Discover the cosmos! Each day a different image or photograph of our fascinating universe is featured, along with a brief explanation written by a professional astronomer.
2017 November 11
Explanation: The Moon is normally seen in subtle shades of grey. But small, measurable colour differences have been greatly exaggerated in this mosaic of high-resolution images captured near the Moon's full phase, to construct a multicoloured, central moonscape. The different colours are recognized to correspond to real differences in the mineral makeup of the lunar surface. Blue hues reveal titanium rich areas while more orange and purple colours show regions relatively poor in titanium and iron. The intriguing Sea of Vapors, or Mare Vaporum, is below centre in the frame with the sweeping arc of the lunar Montes Apenninus (Apennine Mountains) above it. The dark floor of 83 kilometre diameter Archimedes crater within the Sea of Rains, or Mare Imbrium, is toward the top left. Near the gap at the top of the Apennine's arc is the Apollo 15 landing site. Calibrated by rock samples returned by the Apollo missions, similar multicolour images from spacecraft have been used to explore the Moon's global surface composition.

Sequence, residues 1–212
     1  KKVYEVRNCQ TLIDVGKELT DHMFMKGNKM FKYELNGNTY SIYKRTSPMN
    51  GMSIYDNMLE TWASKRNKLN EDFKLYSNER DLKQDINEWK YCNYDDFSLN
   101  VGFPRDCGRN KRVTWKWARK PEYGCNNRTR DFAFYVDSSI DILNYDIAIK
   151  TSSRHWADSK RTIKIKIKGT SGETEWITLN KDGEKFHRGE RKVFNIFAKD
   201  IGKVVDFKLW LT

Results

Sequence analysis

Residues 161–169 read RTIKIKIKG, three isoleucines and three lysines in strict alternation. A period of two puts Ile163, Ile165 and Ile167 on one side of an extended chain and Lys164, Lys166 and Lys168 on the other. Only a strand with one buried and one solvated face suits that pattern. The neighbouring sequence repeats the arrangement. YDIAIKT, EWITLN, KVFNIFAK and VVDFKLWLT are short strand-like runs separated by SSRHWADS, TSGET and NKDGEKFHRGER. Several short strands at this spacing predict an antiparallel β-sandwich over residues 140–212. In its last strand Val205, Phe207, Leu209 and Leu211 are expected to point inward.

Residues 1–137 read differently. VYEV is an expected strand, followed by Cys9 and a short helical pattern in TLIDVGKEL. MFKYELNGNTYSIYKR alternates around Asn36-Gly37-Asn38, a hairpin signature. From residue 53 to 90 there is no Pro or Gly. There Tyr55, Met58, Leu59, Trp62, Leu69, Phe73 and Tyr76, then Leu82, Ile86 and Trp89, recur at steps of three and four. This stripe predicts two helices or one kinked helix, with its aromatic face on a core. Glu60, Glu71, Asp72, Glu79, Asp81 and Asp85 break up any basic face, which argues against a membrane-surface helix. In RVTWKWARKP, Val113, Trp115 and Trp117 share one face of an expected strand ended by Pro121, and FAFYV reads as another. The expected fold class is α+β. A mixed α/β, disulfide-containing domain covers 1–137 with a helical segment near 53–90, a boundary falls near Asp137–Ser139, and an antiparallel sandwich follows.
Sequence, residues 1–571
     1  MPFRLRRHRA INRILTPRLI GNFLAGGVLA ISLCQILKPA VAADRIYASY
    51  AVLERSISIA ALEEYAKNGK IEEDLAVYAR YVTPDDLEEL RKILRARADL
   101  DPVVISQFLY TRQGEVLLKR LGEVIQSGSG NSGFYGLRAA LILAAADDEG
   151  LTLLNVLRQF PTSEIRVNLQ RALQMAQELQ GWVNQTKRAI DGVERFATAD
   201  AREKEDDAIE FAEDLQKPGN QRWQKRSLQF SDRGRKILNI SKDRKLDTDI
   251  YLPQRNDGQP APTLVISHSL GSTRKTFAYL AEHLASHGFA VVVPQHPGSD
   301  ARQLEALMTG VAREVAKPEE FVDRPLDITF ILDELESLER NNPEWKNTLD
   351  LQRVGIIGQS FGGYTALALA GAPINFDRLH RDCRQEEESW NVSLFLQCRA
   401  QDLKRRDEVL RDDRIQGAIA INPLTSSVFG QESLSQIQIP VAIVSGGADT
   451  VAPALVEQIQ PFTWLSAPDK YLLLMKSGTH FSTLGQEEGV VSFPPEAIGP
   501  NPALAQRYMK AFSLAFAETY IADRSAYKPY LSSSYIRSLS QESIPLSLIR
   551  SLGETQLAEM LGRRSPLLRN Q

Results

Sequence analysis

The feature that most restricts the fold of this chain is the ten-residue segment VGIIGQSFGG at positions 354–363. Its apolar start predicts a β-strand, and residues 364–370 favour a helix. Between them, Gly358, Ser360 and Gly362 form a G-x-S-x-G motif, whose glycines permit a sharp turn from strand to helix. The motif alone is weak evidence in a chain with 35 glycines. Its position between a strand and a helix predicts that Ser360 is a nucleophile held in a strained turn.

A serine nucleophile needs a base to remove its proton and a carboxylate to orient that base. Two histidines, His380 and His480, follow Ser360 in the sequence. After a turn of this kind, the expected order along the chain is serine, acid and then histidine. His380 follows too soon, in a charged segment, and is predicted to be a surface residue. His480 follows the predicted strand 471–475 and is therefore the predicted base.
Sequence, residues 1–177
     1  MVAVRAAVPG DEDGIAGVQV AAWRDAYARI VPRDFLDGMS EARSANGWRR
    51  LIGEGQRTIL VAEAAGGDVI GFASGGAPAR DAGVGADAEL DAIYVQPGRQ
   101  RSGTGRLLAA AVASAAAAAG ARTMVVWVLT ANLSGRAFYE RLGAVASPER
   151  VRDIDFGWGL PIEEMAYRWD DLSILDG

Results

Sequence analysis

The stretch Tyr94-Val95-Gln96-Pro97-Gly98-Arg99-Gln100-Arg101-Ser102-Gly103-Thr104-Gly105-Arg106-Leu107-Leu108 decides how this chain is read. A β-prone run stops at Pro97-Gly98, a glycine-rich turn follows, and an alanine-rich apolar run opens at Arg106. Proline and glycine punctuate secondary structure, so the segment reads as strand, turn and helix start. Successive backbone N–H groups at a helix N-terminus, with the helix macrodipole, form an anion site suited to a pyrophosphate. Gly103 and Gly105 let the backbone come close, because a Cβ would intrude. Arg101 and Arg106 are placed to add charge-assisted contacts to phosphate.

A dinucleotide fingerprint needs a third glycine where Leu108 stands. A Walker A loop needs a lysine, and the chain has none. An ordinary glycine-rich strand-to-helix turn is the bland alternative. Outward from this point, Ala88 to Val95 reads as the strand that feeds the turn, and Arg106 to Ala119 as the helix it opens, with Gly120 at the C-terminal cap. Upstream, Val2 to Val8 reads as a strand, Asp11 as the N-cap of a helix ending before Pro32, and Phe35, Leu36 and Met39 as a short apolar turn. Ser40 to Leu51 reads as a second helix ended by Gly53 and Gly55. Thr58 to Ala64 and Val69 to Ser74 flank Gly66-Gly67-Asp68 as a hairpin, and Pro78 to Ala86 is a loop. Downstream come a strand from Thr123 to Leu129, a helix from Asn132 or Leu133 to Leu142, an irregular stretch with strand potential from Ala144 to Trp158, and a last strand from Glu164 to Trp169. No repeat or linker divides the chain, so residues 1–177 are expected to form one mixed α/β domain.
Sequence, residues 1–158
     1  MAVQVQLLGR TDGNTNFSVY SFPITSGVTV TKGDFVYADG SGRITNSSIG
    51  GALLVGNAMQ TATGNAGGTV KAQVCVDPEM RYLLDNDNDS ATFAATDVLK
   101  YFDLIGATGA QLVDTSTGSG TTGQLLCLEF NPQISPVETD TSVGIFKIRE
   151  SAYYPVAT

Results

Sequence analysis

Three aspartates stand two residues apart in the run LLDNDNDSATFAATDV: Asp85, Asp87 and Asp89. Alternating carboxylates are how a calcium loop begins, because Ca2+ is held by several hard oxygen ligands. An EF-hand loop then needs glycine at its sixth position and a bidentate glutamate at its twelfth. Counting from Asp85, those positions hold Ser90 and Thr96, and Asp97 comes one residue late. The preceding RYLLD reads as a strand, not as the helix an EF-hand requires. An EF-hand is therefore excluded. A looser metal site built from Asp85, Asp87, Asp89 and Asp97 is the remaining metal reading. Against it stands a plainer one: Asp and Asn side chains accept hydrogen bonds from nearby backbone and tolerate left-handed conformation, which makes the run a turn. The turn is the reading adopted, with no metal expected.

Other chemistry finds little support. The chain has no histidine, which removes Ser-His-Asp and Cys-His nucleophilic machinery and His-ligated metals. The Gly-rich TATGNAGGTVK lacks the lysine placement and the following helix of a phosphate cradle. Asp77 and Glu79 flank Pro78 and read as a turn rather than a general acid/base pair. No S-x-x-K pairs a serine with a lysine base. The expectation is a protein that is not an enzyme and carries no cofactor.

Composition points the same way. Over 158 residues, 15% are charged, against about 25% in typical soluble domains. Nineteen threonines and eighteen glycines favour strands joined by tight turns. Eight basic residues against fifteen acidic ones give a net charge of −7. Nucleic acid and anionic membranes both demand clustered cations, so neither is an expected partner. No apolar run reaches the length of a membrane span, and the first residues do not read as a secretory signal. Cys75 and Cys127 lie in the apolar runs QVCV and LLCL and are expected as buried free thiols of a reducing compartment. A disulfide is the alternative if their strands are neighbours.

Authors & editors:
Jerry Bonnell (UMCP)
NASA Official: Phillip Newman Specific rights apply.
A service of: ASD at NASA / GSFC
& Michigan Tech. U.